Effects of starvation and plasma exchange on lecithin: cholesterol acyltransferase activity and cholesterol efflux in cholesterol-fed pigs

Angel, A.; Thanabalasingham, S.; Reichl, D.; Pflug, J.J.; Thompson, G.R.; Myant, N.B.

Research in Experimental Medicine. Zeitschrift für die Gesamte Experimentelle Medizin Einschliesslich Experimenteller Chirurgie 184(4): 231-242

1984


ISSN/ISBN: 0300-9130
PMID: 6494595
DOI: 10.1007/bf01852382
Accession: 042966232

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Abstract
The effects of starvation and of plasma exchange with a cholesterol-free substitute on efflux of tissue cholesterol and on lecithin: cholesterol acyltransferase (LCAT) activity in plasma and peripheral lymph were investigated in two pigs fed a cholesterol diet for 3-4 months. The pigs were labelled with i.v. [14C]cholesterol before plasma exchange or starvation. The cholesterol diet increased plasma total cholesterol concentration and LCAT activity in plasma and lymph, but had little effect on the rate of esterification of cholesterol in plasma or lymph. During cholesterol feeding, and when the animals were fed a normal diet, cholesterol esterification rates in plasma and lymph were much lower than the maximum rates achieved when LCAT was saturated with substrate, suggesting that LCAT in normal pig plasma and lymph is not saturated with substrate. Plasma exchange, carried out when the specific activity of tissue cholesterol exceeded that of plasma cholesterol, was followed by a brief rise in the specific activity of plasma cholesterol to a maximum value between the specific activities of muscle and adipose-tissue cholesterol, reflecting the transfer of radioactive cholesterol from tissue to plasma. During the rise in plasma total cholesterol specific activity there were no differences between the specific activities of low-density lipoprotein (LDL) cholesterol and high-density lipoprotein (HDL) cholesterol in plasma or lymph. Starvation had no effect on the plasma-cholesterol specific-activity curve. From about day 14 after labelling, cholesterol-specific activity decreased in the order: tissues greater than lymph greater than plasma. This suggests that the transfer of cholesterol from tissues to plasma was mediated by lipoproteins in the interstitial fluid.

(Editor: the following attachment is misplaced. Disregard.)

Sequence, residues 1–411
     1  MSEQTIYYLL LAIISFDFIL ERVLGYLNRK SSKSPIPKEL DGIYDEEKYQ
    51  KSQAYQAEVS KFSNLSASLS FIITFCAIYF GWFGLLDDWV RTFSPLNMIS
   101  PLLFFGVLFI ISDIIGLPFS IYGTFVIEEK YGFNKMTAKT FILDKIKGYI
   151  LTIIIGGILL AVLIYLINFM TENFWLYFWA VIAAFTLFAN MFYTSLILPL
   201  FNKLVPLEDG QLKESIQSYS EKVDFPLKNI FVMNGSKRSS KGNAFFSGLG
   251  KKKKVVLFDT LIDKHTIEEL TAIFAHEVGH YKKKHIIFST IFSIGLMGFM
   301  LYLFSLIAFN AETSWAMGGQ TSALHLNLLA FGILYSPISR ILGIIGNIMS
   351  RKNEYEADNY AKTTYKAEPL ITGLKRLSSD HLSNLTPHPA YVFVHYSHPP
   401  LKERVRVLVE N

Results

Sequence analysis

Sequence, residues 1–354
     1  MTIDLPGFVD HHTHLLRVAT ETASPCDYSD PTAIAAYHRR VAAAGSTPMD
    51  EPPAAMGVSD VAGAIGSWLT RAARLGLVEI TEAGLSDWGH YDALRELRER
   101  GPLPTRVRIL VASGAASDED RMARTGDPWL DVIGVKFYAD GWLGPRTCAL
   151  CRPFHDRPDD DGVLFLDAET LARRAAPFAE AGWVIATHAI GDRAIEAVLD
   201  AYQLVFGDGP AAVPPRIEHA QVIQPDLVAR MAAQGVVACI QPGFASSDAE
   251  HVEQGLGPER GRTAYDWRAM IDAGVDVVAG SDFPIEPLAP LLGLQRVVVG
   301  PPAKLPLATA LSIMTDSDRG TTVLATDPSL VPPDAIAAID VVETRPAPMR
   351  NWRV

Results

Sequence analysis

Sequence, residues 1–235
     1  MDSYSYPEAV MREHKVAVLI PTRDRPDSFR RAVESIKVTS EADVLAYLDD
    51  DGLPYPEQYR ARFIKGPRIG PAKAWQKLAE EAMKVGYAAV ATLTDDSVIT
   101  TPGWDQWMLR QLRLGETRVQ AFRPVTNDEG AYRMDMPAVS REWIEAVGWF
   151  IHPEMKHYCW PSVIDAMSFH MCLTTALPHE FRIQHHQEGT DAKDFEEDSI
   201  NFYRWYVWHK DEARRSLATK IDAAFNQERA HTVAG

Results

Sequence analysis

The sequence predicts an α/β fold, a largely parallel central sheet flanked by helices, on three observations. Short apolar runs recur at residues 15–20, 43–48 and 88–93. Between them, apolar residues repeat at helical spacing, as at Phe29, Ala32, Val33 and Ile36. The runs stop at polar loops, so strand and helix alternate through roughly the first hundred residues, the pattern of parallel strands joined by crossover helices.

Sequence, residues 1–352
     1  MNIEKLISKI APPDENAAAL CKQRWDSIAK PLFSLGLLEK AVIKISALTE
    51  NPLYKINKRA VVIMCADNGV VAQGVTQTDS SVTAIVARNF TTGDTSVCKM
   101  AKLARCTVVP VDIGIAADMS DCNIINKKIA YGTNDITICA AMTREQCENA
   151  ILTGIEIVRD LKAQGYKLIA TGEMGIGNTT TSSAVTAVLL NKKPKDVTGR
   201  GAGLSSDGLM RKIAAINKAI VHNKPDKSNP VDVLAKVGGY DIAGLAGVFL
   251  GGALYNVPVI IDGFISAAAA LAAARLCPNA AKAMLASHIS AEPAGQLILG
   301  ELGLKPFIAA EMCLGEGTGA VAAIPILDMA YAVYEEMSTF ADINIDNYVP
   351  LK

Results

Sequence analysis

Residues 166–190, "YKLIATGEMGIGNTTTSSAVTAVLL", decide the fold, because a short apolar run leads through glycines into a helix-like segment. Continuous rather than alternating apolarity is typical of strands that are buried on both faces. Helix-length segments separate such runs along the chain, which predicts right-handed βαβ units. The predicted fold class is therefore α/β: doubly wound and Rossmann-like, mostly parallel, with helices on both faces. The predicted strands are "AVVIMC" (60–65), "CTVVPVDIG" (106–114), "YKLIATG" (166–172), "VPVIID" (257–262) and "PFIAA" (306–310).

Effects of starvation and plasma exchange on lecithin: cholesterol acyltransferase activity and cholesterol efflux in cholesterol-fed pigs